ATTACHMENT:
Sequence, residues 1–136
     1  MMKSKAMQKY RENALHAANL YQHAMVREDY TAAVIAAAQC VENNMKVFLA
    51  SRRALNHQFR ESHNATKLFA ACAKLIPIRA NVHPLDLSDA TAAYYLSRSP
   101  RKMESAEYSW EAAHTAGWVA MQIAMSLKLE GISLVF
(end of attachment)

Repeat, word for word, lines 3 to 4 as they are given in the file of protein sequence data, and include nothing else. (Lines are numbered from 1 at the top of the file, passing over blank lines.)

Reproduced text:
    51  SRRALNHQFR ESHNATKLFA ACAKLIPIRA NVHPLDLSDA TAAYYLSRSP
   101  RKMESAEYSW EAAHTAGWVA MQIAMSLKLE GISLVF